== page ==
Dozens of people gathered at the Youth Centre in Mistissini Nov. 20, to learn about bullying prevention efforts in the community.
The event, entitled Open Minds, Open Hearts, Open Spaces drew together parents and grandparents, students, teachers and school administrators, school board and community leaders, as well as health, justice, and human resources partners. The assembly provided an opportunity for the community to better understand the resources and services available to them when it comes to dealing with bullying, whether it be prevention, intervention or helping people heal. The event also gave participants a chance to network and see how they can better support one other in their work.
“We won’t solve bullying in one night,” said event organizer and Mistissini Community Education Administrator Andy Baribeau. “But we can start the conversation.”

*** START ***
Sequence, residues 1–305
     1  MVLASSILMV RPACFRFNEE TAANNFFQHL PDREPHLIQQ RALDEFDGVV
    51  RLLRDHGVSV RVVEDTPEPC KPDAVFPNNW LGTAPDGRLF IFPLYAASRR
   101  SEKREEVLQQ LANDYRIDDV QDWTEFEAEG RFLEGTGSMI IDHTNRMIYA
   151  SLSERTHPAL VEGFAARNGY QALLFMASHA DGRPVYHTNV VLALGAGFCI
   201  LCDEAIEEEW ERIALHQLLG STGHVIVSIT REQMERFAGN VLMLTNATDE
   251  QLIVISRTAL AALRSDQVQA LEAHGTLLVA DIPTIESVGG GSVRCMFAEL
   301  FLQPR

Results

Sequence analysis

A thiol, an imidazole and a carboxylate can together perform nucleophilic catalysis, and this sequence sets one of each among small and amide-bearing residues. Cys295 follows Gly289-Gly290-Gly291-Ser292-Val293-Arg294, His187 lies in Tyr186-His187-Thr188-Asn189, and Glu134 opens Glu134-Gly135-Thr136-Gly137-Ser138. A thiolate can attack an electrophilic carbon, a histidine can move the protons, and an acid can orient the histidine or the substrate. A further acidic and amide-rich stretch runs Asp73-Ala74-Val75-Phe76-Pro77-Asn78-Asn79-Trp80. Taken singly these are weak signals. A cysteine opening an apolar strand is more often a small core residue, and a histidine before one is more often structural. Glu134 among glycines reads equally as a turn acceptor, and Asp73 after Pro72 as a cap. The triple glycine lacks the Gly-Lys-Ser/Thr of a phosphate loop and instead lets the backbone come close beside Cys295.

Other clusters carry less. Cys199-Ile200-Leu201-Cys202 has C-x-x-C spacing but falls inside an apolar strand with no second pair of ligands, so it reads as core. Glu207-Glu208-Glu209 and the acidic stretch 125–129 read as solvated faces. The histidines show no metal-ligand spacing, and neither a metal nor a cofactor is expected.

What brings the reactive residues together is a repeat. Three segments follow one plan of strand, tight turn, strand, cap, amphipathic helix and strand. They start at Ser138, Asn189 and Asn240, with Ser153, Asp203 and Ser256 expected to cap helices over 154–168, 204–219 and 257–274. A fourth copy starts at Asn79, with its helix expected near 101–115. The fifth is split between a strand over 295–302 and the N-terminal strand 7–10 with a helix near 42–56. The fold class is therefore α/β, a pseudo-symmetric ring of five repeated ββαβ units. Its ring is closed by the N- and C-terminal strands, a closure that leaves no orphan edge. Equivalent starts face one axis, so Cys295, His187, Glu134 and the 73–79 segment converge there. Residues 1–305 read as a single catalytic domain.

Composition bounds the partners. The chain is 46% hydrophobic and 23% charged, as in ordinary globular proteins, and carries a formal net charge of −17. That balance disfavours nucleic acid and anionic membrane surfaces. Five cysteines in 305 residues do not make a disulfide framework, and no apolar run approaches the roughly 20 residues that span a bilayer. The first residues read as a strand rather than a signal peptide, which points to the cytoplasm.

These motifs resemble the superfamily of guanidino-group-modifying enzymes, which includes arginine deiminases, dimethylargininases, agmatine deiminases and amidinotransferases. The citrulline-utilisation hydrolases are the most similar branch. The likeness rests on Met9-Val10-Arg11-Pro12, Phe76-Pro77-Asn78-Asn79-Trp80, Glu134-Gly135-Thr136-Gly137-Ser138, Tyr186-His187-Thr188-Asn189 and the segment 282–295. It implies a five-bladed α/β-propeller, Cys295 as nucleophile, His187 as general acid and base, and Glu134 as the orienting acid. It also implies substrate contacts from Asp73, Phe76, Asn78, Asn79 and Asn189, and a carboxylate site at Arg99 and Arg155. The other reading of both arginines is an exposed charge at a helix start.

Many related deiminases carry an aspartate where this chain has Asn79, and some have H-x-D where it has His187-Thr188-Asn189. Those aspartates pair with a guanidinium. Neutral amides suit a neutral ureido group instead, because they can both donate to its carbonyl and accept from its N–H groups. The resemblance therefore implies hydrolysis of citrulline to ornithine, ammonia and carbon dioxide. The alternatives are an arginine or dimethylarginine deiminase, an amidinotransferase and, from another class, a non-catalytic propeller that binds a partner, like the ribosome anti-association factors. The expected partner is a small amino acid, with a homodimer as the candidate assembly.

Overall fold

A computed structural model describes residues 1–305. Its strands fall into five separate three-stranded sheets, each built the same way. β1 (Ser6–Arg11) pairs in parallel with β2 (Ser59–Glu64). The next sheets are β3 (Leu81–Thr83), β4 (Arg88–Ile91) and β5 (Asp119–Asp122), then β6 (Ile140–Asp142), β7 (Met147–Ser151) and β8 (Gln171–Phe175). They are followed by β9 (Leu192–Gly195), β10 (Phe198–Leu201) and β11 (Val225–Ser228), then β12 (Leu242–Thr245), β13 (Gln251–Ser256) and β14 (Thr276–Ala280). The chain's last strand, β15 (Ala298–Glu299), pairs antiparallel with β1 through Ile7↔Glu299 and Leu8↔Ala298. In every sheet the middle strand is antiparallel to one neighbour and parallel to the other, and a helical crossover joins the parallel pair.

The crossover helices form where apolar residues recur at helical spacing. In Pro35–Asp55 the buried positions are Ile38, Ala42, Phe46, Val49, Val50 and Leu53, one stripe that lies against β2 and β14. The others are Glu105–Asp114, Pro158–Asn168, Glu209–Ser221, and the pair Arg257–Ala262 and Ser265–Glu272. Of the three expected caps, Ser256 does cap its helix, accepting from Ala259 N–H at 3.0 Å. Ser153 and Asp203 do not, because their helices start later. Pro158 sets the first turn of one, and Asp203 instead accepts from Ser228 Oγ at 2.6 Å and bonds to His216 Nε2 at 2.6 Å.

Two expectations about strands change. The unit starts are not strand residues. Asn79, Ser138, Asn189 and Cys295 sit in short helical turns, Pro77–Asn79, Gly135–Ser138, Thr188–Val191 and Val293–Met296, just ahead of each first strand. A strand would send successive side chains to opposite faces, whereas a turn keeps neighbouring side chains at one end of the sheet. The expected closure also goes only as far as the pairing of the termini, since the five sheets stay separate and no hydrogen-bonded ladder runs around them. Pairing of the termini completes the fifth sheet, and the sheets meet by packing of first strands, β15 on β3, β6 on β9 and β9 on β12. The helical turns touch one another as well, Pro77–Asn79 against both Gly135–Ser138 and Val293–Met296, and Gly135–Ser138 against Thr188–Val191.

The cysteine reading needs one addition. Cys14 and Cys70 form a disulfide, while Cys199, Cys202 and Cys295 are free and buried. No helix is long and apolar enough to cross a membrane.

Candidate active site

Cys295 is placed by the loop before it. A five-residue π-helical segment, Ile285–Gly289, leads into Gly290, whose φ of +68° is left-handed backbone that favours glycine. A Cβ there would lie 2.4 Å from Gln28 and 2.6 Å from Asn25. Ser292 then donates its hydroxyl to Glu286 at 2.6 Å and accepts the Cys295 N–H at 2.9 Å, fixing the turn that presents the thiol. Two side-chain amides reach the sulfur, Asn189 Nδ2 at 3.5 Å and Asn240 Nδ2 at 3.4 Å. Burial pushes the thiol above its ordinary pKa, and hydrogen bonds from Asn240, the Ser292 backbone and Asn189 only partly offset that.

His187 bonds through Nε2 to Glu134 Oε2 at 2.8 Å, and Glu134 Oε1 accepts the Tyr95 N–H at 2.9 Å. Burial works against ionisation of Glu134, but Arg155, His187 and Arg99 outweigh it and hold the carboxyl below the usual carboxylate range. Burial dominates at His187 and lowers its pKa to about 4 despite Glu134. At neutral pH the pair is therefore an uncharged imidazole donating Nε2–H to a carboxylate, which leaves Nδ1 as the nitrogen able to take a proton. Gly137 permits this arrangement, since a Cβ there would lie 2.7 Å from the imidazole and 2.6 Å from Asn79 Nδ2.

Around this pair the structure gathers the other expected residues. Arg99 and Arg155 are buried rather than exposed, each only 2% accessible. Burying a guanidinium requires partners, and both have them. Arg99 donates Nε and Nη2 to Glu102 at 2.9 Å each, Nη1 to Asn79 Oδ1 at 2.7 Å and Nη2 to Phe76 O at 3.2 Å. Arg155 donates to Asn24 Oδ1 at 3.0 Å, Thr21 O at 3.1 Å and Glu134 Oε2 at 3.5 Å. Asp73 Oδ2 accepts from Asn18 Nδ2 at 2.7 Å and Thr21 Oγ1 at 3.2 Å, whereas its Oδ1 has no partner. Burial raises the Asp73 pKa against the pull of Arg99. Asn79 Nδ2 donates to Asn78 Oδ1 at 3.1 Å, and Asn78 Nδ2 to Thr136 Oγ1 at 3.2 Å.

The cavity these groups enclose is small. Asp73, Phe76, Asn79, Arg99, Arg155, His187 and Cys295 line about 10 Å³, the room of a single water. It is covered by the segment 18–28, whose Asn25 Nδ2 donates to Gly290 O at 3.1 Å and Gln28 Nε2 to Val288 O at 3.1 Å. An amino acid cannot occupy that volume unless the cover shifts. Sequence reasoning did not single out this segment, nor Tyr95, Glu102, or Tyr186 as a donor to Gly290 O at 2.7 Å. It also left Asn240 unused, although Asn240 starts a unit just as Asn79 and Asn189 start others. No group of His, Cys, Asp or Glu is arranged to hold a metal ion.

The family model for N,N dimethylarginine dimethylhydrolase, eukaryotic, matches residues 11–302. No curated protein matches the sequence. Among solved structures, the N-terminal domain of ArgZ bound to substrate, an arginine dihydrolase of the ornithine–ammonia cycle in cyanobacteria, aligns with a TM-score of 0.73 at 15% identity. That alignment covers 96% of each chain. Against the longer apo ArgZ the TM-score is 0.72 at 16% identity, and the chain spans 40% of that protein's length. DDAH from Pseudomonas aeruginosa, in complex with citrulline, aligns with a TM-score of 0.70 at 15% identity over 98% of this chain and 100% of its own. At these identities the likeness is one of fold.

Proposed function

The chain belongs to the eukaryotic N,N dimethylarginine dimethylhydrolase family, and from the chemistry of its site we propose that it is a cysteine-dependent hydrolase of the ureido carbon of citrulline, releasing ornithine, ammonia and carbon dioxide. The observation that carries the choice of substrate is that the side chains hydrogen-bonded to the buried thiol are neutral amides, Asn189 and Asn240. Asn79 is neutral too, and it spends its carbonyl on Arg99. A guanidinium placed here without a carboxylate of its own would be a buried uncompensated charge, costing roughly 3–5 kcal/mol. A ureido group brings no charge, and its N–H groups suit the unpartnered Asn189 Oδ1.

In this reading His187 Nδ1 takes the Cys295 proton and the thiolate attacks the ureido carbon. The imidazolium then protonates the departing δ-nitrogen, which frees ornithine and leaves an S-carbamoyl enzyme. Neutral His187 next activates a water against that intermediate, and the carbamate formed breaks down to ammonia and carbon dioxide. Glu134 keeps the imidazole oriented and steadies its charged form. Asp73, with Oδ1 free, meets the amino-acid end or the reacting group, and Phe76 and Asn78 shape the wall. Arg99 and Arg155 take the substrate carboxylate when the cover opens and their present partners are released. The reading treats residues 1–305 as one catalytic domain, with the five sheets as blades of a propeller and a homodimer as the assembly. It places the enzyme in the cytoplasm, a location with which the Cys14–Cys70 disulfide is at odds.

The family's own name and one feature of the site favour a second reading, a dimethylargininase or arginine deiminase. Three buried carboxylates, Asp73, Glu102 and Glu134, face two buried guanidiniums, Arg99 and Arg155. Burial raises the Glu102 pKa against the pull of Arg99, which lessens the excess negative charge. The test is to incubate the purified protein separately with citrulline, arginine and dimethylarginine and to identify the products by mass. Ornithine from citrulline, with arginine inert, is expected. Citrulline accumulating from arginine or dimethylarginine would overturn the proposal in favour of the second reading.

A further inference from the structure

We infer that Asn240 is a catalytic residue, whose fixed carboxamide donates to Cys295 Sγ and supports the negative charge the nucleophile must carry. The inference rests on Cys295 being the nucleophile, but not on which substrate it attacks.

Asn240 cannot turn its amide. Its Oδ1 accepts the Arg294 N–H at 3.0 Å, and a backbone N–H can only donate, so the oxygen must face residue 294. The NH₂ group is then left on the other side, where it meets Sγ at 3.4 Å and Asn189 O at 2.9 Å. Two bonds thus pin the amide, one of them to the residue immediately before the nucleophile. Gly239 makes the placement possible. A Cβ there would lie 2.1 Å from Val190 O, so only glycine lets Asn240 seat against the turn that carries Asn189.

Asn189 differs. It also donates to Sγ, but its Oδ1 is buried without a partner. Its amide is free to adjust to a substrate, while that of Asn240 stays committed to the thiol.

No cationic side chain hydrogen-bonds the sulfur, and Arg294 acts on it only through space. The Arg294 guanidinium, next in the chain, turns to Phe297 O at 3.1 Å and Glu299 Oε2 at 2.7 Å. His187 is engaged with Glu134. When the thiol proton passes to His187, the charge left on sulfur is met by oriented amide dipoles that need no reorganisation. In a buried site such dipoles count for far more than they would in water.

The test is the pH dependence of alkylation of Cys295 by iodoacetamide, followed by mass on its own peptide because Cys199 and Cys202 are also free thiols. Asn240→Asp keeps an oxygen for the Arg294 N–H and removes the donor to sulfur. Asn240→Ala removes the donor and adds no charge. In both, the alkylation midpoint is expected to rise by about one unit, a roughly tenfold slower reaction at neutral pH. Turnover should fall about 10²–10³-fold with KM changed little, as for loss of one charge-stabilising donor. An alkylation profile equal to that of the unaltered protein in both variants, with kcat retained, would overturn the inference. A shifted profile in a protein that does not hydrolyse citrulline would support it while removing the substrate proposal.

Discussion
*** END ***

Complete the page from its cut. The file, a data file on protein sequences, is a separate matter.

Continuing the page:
Presenters included Cree Women of Eeyou Istchee Association President Linda Shecapio who outlined the efforts her association makes in creating awareness about and preventing violence, including bullying.
“This is such an important issue to address amongst our young people,” she told the gathering. “If we can make a difference here, we will go a long way toward addressing violence in our adult population.”
Cree Nation Youth Council Grand Chief Kaitlynn Hester-Moses joined the call-to-action, expressing her deep desire to create safe places for young people.
And, Mistissini Chief Thomas Neeposh also addressed those assembled, urging mutual respect, and expressing the need to continue the conversation.
The event, which ran for four hours, included an open-mike portion that allowed participants to outline their organization’s efforts to address bullying, as well as opportunity for participants to visit neighbouring exhibits to ask questions. The assembly was in response to ongoing concerns about bullying both in and outside local school yards. The need was heightened by an incident, since resolved, that was widely shared on social media.